The great question raised by Tzav, which is all about different kinds of sacrifice, is not “Why were sacrifices commanded in the first place?” but rather, given how central they were to the religious life of Israel in Temple times, how did Judaism survive without them?

The short answer is that overwhelmingly the prophets, the sages, and the Jewish thinkers of the Middle Ages realised that sacrifices were symbolic enactments of processes of mind, heart and deed that could be expressed in other ways as well. We can encounter the will of God by Torah study, engaging in the service of God by prayer, making financial sacrifice by charity, creating sacred fellowship by hospitality and so on.

Jews did not abandon the past. We still refer constantly to the sacrifices in our prayers. But they did not cling to the past. Nor did they take refuge in irrationality. They thought through the future and created institutions like the synagogue and house of study and school that could be built anywhere and sustain Jewish identity even in the most adverse conditions.

Camp Synagogue In Saint-Cyprien, painted by Felix Nussbaum in Brussels in 1941

Camp Synagogue In Saint-Cyprien, painted by Felix Nussbaum in Brussels in 1941

That is no small achievement. The world’s greatest civilisations have all, in time, become extinct while Judaism has always survived. In one sense that was surely Divine Providence. But in another it was the foresight of people like Rabban Yochanan ben Zakkai who resisted cognitive breakdown, created solutions today for the problems of tomorrow, who did not seek refuge in the irrational, and who quietly built the Jewish future.

Surely there is a lesson here for the Jewish people today: Plan generations ahead. Think at least 25 years into the future. Contemplate worst-case scenarios. Ask what we would do, if… What saved the Jewish people was their ability, despite their deep and abiding faith, never to let go of rational thought, and despite their loyalty to the past, to keep planning for the future.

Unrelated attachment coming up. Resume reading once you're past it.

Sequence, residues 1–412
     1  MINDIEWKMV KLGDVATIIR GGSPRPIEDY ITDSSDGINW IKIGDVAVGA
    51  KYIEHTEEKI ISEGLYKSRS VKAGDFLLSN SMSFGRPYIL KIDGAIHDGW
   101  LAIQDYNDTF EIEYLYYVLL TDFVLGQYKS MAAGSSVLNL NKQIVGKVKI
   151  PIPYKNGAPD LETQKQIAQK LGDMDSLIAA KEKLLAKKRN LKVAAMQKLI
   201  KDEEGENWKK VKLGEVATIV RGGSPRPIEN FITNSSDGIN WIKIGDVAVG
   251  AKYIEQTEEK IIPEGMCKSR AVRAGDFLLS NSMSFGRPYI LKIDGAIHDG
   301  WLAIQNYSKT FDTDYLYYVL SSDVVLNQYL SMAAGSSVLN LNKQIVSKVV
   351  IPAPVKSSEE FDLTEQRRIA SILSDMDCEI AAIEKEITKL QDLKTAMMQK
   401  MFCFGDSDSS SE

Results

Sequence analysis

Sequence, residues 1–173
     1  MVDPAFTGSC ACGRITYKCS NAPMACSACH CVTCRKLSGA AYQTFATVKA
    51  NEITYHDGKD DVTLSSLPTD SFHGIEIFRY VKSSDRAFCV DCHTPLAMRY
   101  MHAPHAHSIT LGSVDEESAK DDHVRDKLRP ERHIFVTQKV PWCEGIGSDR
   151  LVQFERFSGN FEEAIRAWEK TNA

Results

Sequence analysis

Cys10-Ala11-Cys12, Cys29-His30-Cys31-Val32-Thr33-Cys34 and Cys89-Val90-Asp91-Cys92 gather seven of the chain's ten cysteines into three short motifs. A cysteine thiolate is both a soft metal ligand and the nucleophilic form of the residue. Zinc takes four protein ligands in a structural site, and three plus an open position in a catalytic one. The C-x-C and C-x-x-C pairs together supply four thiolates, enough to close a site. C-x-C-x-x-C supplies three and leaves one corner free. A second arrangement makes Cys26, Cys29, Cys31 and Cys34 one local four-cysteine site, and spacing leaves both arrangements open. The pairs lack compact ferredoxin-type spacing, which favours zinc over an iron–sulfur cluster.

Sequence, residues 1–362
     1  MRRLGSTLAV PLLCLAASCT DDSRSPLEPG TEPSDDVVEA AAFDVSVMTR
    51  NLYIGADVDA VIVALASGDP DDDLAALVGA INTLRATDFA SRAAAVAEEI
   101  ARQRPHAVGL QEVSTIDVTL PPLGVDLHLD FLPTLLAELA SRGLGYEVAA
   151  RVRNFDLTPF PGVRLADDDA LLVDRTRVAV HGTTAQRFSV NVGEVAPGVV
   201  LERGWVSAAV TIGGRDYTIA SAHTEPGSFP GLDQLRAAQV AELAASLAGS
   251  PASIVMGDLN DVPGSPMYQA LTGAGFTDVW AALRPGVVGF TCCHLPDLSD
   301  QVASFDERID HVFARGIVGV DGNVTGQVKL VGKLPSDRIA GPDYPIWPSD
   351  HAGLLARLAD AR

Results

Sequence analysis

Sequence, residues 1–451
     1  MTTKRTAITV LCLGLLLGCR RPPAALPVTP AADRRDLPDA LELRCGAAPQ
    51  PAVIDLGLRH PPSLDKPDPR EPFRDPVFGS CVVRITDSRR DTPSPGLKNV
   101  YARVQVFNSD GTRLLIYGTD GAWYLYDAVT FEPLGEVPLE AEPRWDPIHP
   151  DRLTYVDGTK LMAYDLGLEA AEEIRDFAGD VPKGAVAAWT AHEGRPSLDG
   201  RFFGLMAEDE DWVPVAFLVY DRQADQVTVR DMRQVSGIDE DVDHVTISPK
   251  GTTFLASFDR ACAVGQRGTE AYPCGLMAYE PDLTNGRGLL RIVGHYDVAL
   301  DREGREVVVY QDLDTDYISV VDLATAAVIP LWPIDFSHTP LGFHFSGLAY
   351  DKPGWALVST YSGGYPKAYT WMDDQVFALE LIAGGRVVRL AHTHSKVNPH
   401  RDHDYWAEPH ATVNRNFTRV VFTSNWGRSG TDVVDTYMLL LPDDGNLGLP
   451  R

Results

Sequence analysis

Throughout the dark night of history, Esav's descendants sacrifice Yaakov in their furnaces; only at the dawn of redemption, the rebirth of the State of Israel, is meaning seen in the sacrifices, the burnt offerings, of Jews on their altars-- though Israeli soldiers are also killed, we can see for what they're dying. Eventually peace will come to a "free people in their land"-- but that is not enough. The raison d'etre of Israel is for the eternal light of Eden to go forth to the whole world from Jerusalem, to be "a holy people" in our land AND that our people around the world embrace and be strengthened by her truth.

FOOD FOR THOUGHT

  • Other than not engaging in human sacrifice, what are some reasons why the Jews survive when other civilizations have disappeared?
  • Which “substitute for sacrifice” is the most meaningful to you, or how do you plan on incorporating one (or more) into your life?

About the Author

Rabbi Lord Jonathan Sacks
A global religious leader, philosopher, bestselling author and moral voice for our time, Rabbi Lord Jonathan Sacks is currently the Ingeborg and Ira Rennert Global Distinguished Professor of Judaic Thought at New York University and the Kressel and Ephrat Family University Professor of Jewish Thought at Yeshiva University. He is also Professor of Law, Ethics and the Bible at King’s College London. Previously, Rabbi Sacks served as Chief Rabbi of the United Hebrew Congregations of the Commonwealth between September 1991 and September 2013, only the sixth incumbent since the role was formalized in 1845.

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Tags: Judaism, Jewish Unity, History, Shabbat, Leadership